Frisbee shows are a big part of the Freestyle Frisbee culture. It makes perfect sense. Freestyle Frisbee is an art form that consists of creative body movements with a flying disc. Doing a Frisbee demo or show can be a vehicle to share one’s art to bring joy and inspiration to others. Shows and demos can also be a way to turn the passion of Freestyle Frisbee into a living wage. In many of our podcast episodes and in The Harlem Globetrotter Tour Story we’ve discovered that demos and shows are a part of the history of the game.
My personal Frisbee story includes demos and shows as well. My first demo was with my brother Matt and our good friend Scott Weaver. Scott got us the gig at a local elementary school. Matt and I were very new Freestyler’s but Scott made it it easy. He did all the talking. Matt and I played a little catch and then we did a short jam. As Matt and I attempted to pull off our most heinous moves, Scott told the kids how amazing our tricks were. Though my personal assessment was that I was a beginner, the kids thought we were amazing. We then finished the demo with a tutorial. Many of the kids learned to throw and catch and a couple could almost nail delay. The best part was how much fun the kids had with us. I felt privileged to share something I loved with an such appreciative audience.
Since then, I’ve done many more shows to kids and adults. Though I’m not actively looking for shows to do, I certainly would jump at an opportunity that presented itself.
So now it’s your turn. Let us know if you’ve ever done a Frisbee demo or show and if you’re interested in doing more. Bonus points if you share a story about one of your shows in the comments below.
Have You Ever Done A Frisbee Demo or Show?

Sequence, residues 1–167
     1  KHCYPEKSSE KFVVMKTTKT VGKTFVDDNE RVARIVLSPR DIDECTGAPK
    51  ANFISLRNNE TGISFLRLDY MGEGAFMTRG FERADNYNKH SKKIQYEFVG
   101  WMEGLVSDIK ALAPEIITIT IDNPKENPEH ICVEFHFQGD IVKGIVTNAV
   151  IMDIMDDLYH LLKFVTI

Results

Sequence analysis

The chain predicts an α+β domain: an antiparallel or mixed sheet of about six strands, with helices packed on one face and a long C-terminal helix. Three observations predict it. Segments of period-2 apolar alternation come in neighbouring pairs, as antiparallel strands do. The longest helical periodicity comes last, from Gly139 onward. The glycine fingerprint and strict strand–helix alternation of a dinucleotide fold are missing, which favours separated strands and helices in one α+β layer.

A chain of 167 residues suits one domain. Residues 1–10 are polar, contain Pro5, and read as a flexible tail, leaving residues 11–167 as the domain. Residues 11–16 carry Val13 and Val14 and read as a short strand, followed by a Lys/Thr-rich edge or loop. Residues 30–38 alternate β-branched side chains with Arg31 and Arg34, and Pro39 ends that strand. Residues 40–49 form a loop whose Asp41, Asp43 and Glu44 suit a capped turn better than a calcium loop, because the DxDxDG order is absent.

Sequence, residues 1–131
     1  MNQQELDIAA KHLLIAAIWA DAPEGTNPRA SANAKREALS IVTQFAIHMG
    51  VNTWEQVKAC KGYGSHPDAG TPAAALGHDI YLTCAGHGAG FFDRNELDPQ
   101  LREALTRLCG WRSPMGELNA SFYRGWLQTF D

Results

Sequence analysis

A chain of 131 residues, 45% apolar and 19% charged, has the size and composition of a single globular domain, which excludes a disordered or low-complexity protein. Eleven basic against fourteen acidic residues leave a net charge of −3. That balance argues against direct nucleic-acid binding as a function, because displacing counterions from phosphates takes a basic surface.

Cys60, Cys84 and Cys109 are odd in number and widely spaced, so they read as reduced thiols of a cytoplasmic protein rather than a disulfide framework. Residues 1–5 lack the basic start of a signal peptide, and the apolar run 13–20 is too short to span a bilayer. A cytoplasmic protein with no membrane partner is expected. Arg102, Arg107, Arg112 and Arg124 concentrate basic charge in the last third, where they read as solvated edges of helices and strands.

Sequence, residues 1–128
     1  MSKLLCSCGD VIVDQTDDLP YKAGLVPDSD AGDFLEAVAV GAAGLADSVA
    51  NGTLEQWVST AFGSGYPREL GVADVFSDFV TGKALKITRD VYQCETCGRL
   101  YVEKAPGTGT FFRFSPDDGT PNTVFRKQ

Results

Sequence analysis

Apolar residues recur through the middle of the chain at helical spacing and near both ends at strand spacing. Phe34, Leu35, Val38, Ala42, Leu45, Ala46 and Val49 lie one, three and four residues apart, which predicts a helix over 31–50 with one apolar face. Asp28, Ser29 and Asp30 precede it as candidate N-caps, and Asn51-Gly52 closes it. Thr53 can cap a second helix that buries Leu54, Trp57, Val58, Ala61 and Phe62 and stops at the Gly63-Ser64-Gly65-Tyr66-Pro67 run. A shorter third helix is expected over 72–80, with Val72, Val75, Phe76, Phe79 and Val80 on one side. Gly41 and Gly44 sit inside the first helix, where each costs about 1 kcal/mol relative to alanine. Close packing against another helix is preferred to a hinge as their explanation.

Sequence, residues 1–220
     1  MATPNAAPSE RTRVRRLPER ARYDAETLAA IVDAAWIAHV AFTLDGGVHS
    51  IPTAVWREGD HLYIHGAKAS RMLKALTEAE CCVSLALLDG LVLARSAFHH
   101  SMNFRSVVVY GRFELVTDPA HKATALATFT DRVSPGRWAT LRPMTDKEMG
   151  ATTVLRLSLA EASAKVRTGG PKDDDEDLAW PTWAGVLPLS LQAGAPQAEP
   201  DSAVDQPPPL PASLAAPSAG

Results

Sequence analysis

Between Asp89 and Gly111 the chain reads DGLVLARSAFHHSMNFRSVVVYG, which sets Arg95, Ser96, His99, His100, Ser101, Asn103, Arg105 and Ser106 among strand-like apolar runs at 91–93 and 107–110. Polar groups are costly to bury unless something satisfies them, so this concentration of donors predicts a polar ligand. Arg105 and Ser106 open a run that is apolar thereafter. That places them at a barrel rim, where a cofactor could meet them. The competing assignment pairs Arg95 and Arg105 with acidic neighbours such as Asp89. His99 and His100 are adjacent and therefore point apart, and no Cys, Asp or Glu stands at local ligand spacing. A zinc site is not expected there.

Few life experiences can be compared to my first major show….basketball halftime show for the Seattle NBA SuperSonics.
My partner, Ralph Williamson, and I had done a few community college basketball halftime shows as practice for this Dec. 26th 1975 show. But most community college games had an attendance of a few dozen to a couple hundred, a stratosphere of difference when walking onto the hard court floors that seemed to still be electrified by the collective energy of the NBA giants and intensified by the 14,000 plus in the stands.
I remember feeling a significant amount of fear and pride at taking our special style of disc play to “the masses”, not only was it important we do our best for the thousands of NBA fans but I recall feeling excited to showcase how the “toy” Frisbee, if played with a degree of athleticism, can be viewed as a sport to the sport media.
That show changed my life and changed how many in the Seattle area came to view disc play. The buzz was palpable from the crowd, we booked three shows before we left courtside. It launched a full time show schedule that lasted the better part of three years.
I continued to do shows, on and off, for over two decades. No demo was more impactful on my life than that December night in 1975.
thank you, Jeff and Jake– great foundational stories!
December 12, 1974 Madison Square Garden. Half time Nicks game. Threw a full court basket which I never expected to make. With Krae Van Sicle, Carl Baker, Peter Bloem, David Perell, Roger Fox and myself (“Circus”).
My first was in Belgium in 1969 at a soccer game. Solo. They had seen very few discs then, if ever. What a rush. Mostly MTAs, TRCs, Distance demo and a little very rudimentary solo freestyle.
Jeff, and Gerry, thanks for sharing. I love the impact the experience had on your lives.